Although it's fitted with the tag of being a stealth-action game, Mankind Divided doesn't make its players feel penalised for adopting a more aggressive, guns-blazing approach. XP is still dished out in ample supply, and you're never forced to repeat sections due to a preference towards a more strident execution. If you wish to go in completely unnoticed there's also plenty of hidden shortcuts that you can find to bypass the gaze of patrolling guards such as air vents and raised platforms. You can also take out individual henchmen one by one, dragging their bodies out of sight and slipping under the radar of detection.
Despite a few questionable choices, Mankind Divided's revised control scheme is noticeably more sharp and responsive than that of its predecessor. Pushing the left trigger allows you to easily snap behind cover and from there it's simple to direct Jensen for a dash into a nearby secluded area. Weapons and consumables are no longer cluttering the lower region of the screen and are now conveniently placed via an equipment wheel. Holding the same button to bring up the menu does however feel like an odd choice as it'll often lead to you accidentally vaulting over platforms and stumbling into the path of patrolling guards.
Pivotal decisions in the story adopt a Heavily Rain-like approach in the sense that your actions have meaningful consequences and mould the outcome of the story. During major plot points you'll find yourself caught at a crossroads and pushed to make a crucial choice. During social interactions with NPCs you'll also be prompted to respond to dialogue, choosing to either to patronise, be reasonable, or confront your acquaintances. There's a lot more gravity to these sections than you may think, as they can lead to revealing new segments of information and the possible avoidance of potential confrontations. This not only enhances the sense of replayability but it also forces you to pay attention as a wrong move might potentially devastating.
Just like its predecessor, hacking is featured as a major part of the experience, but this time hacking segments have received a complete visual overhaul and feel much sleeker and more refined. Whilst rummaging through dusty old apartments in downtown Prague or operating in missions overseas you'll come across doors and laptops that are fitted with hackable panels. Choosing to manipulate these systems will often uncover hidden shortcuts and concealed information in the form of emails and pocket secretaries. The hacking mini-game requires you to seize control of a grid whilst preventing the security program from sending the circuit into lockdown. Whilst scouting for goodies you'll come across software which enables you to manipulate the grid in multiple ways such as revealing hidden datastores and temporarily freezing the security program.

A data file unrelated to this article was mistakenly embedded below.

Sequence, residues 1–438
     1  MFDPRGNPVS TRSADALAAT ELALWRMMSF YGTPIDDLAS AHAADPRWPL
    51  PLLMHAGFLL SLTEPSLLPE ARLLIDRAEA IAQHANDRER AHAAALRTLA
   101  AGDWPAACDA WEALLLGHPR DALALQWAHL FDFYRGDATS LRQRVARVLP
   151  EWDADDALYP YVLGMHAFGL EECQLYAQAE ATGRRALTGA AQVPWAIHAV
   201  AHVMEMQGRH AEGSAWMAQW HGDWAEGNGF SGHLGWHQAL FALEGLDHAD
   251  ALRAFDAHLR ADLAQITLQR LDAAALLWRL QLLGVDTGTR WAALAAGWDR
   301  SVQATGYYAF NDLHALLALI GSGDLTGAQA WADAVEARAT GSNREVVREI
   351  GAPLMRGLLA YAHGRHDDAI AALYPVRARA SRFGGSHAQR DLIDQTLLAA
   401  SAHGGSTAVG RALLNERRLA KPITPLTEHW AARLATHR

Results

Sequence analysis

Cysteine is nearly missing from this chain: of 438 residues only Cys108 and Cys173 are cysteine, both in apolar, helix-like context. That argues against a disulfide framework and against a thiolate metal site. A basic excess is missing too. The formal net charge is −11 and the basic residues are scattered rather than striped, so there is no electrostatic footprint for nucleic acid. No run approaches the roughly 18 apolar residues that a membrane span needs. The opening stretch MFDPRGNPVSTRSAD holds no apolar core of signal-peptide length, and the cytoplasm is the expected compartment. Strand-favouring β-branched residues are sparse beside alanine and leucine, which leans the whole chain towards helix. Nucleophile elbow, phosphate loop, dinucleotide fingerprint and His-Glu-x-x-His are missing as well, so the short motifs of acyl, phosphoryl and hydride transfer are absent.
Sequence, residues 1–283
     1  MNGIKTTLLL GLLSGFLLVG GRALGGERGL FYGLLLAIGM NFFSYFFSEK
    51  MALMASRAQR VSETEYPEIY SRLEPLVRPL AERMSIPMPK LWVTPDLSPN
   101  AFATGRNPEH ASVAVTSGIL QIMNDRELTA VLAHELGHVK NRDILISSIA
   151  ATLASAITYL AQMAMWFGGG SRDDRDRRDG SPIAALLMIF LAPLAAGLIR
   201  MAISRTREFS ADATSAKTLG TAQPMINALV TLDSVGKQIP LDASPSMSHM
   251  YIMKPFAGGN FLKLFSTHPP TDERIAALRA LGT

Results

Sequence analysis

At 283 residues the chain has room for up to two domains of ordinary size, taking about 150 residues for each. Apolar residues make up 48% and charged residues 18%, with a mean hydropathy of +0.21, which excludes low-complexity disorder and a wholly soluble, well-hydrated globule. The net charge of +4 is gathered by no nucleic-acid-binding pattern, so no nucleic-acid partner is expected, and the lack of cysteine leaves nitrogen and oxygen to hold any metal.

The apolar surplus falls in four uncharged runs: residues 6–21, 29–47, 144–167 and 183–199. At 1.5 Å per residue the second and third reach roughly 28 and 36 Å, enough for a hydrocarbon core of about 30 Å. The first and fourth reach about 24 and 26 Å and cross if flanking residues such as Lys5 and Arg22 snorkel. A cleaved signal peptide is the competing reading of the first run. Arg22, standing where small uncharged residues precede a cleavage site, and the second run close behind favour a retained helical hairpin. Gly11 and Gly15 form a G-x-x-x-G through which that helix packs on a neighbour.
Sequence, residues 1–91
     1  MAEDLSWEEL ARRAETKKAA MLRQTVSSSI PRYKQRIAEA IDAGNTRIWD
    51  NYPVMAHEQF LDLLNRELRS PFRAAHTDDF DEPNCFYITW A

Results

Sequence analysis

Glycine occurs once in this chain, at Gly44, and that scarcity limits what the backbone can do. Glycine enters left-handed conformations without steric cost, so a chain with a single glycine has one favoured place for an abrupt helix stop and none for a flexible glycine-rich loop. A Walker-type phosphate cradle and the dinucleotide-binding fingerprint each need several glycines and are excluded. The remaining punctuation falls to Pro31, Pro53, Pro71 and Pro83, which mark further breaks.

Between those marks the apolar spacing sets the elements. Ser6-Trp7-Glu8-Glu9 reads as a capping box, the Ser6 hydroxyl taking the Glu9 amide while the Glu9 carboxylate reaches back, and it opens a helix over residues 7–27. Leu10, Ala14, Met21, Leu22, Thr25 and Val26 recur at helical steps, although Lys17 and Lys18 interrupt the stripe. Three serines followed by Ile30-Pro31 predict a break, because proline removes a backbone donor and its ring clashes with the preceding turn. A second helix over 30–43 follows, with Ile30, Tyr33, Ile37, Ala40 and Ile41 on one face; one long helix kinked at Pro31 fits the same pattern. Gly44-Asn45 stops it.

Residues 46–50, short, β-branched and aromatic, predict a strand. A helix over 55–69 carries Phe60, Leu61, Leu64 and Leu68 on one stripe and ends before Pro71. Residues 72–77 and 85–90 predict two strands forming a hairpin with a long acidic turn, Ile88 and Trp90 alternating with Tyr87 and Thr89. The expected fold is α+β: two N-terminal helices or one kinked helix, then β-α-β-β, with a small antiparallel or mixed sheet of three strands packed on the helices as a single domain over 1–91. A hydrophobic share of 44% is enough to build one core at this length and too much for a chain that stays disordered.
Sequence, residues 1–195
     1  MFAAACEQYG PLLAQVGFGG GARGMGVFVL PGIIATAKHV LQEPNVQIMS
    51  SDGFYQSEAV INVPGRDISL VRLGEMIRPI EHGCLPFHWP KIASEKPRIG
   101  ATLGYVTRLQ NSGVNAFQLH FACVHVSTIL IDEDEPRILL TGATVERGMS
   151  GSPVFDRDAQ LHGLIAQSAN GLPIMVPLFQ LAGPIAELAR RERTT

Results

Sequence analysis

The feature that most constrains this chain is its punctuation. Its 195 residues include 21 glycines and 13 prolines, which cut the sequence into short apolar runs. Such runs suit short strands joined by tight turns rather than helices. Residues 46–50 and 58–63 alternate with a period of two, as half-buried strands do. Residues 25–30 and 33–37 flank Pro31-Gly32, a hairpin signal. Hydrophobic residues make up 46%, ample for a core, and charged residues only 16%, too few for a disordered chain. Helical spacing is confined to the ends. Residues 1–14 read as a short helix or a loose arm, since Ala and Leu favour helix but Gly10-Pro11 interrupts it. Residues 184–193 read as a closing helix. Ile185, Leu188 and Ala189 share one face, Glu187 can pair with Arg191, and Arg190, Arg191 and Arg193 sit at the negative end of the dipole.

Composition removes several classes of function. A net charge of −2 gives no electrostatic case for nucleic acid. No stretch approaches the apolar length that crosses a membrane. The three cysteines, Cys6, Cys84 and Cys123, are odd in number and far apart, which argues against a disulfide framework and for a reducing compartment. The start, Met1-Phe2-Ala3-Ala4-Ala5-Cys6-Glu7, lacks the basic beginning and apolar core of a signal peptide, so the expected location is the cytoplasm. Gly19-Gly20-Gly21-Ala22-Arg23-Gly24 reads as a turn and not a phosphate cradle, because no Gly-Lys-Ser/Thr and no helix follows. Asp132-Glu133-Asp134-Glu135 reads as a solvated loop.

The standalone Breach Mode sees you take the side of the Rippers, an elite hacking group that uses virtual reality to smuggle corporate data. Under the wing of the mysterious Shadowchild you'll receive a range of overarching objectives that task you with stealing large data stores and eliminating pixelated droids. The experience reminded us slightly of Saints Row IV as you can use cheats in the virtual space to earn temporarily boosts in health, ammunition and speed. Replayability comes in the form of online leaderboards as you can compete with cyber criminals across the globe to secure the highest score and fastest completion time. Whilst it can be an entertaining distraction from the campaign, the appeal was soon lost on us as a lack of variation kept it from feeling fresh.
Showcasing the potential of Eidos' powerful new Dawn Engine, Mankind Divided's photorealistic visuals help to convey the dreary reality of a nation in lockdown. A bump in visual fidelity has enabled the developers to create what feels like a living and breathing cyberpunk playground, which still carries the influence of '80s classic Blade Runner. While its environments may appear alluring, facial animations do appear a little sketchy and NPCs often speak out of sync. To tie in with its futuristic cyberpunk setting the main score is primarily electronically based, filled with phasing synths and pulsating percussion. Whilst working to mirror the intensity of combat at also feels stylistically appropriate.
Just like other great follow ups, Mankind Divided maintains the essence of its acclaimed predecessor, whilst implementing its own individual mechanics and bringing new ideas to the table. It's an experience that conveys choice, with its narrative sculpted around your actions and combat approachable in multiple ways. The Breach Mode may lack substance, and there could have been more inventive weapons put at your disposal to counter the occasionally clunky controls, but nevertheless Mankind Divided still manages to deliver a thought provoking stealth-action experience.